Some old pros play for their pension, but that was never Prior. One game at Chester sticks in my mind. Lewis Hunt was on the receiving end on what was appeared to be racial abuse (although this was later denied by Chester). Prior, could have ignored it and kept his head down but being the ultimate team man he wasn't going to let someone get away with doing that to one of his team-mates and confronted the culprit, offering him outside. How big must Lewis Hunt have felt, to know you've got your back covered by a premiership and UEFA Cup veteran like Spencer Prior? When the miscreant refused to back down, Prior was all for going into the stand to sort him out and had to be restrained until the stewards finally dealt with it. Team spirit was mentioned a lot as a reason for our success, but here we had someone with all that experience and all those medals not just buying into it, but leading it.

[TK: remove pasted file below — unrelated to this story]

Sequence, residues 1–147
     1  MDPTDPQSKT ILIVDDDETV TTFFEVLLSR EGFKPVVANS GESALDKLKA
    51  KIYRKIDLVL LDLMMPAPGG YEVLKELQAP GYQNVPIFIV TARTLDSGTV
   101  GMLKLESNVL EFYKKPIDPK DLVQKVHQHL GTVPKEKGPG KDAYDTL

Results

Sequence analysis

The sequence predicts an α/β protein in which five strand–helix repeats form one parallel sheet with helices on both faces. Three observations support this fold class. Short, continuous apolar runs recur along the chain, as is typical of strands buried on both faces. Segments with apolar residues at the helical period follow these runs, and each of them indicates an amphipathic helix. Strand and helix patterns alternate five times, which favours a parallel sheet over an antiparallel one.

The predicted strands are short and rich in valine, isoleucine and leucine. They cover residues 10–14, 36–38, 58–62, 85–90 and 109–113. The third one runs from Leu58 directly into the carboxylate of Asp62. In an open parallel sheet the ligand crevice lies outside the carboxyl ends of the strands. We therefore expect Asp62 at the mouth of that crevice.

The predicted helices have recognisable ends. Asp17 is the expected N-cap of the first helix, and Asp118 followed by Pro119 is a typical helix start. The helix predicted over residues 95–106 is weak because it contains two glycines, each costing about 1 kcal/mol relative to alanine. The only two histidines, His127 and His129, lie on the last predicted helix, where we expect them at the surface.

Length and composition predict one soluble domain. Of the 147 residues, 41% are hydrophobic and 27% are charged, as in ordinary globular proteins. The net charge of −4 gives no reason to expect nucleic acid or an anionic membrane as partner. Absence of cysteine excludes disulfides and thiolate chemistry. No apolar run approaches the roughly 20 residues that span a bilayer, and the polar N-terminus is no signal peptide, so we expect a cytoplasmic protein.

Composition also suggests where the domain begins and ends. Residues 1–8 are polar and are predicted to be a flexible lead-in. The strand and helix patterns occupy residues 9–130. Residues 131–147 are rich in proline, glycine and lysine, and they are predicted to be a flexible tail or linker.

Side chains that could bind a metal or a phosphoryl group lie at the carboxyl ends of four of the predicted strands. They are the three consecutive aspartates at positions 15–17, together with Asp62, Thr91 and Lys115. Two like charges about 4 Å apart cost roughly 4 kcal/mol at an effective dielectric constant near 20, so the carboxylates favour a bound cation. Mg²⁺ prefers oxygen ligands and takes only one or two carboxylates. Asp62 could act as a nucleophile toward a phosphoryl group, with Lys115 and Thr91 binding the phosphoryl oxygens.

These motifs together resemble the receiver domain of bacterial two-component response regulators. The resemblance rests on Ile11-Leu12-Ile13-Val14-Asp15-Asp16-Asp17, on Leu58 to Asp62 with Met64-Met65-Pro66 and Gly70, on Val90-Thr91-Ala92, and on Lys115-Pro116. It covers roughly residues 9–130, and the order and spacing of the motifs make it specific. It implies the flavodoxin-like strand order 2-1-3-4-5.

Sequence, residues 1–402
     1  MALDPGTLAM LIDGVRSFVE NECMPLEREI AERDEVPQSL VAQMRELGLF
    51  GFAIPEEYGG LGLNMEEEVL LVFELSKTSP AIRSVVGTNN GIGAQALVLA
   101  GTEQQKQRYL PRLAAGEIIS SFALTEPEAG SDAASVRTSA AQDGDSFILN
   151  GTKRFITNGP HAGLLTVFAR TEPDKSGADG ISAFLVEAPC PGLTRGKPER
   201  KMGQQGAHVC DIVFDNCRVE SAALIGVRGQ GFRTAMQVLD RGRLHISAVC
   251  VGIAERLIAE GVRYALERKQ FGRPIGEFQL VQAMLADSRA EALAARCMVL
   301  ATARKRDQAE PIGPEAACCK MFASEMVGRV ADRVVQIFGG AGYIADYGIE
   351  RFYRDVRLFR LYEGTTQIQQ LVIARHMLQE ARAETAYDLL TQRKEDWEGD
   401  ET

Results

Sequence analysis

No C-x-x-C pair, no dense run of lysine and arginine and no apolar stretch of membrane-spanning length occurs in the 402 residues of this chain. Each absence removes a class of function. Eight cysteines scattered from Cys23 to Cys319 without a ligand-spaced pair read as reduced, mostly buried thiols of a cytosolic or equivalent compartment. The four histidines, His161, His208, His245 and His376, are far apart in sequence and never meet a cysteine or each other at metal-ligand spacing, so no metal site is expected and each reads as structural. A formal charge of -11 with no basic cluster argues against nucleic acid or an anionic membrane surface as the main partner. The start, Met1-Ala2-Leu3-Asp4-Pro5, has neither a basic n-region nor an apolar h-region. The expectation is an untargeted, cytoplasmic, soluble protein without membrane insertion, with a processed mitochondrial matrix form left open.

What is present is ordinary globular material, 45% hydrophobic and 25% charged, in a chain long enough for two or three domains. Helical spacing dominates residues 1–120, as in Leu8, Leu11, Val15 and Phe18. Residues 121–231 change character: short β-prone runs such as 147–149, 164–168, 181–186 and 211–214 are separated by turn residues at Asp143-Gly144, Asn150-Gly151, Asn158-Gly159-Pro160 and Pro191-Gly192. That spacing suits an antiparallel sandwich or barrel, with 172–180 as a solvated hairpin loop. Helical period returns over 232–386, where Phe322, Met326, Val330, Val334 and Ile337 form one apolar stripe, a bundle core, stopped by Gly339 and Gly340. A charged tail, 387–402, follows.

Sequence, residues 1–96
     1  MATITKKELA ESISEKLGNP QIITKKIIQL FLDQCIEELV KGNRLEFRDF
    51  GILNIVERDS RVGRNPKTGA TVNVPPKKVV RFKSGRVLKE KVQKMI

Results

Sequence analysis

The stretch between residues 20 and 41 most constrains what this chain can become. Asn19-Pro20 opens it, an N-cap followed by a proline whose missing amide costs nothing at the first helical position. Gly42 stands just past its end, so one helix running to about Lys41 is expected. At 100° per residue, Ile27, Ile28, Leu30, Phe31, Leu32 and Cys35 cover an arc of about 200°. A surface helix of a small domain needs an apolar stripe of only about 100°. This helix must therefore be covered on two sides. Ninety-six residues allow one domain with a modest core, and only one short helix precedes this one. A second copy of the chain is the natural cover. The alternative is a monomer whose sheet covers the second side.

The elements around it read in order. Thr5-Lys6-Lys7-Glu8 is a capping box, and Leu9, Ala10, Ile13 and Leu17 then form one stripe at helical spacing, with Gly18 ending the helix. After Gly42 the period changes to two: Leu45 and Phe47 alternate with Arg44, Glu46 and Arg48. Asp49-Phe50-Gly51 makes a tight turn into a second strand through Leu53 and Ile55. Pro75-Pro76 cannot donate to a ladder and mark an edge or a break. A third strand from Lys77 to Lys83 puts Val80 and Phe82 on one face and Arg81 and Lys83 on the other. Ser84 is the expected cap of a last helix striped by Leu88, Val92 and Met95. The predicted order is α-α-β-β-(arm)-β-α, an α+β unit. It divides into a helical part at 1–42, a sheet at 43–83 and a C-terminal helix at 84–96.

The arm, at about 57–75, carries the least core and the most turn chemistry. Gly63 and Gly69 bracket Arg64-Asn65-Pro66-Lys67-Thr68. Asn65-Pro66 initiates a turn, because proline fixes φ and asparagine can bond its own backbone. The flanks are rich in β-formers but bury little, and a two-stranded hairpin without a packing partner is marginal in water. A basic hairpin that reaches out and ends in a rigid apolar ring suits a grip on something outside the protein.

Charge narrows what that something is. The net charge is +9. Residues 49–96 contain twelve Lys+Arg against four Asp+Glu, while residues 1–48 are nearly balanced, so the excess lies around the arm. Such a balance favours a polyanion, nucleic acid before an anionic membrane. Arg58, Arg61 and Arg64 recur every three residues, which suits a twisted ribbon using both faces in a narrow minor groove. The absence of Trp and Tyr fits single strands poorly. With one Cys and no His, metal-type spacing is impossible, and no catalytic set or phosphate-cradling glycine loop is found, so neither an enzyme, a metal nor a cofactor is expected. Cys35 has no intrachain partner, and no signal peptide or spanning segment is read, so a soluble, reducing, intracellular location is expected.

Tilly tried to ease Prior through the fixture list, resting his legs where he could, but when he rested Spinner we ended up losing to the likes of Mansfield and Boston. An abysmal defeat at Boston must have been the final straw, as from then on Spinner played even if it was twice a week. The result was a 16 match unbeaten run, cruelly ended only in extra time in the LDV Cup Final at the Millennium Stadium. That run included nine clean sheets, ten if you count the first 90 minutes at Cardiff. I have never experienced such confidence in our defence and indeed team to close a game. If we went one-nil up, I felt it was game over. Even if the opposition managed to scramble an equaliser, I had full faith we'd up a gear and re-take the lead. For a year we won every game we led and if we equalised, we'd at least hold onto a point. Towards the end of that run, we played Cambridge who were on their way to the conference. It would normally have been a banana skin and the type of game I'd fear, but I had full faith that we would win. We could have been 3-0 down at half-time (only from dodgy penalties that never were, mind you) I just knew we'd find a way to win. I've never felt so strongly about a game before or since. It might have been Kevin Maher wearing the armband, but that was the Spencer Prior effect and he was the de facto captain even when Maher or Barrett were skipper.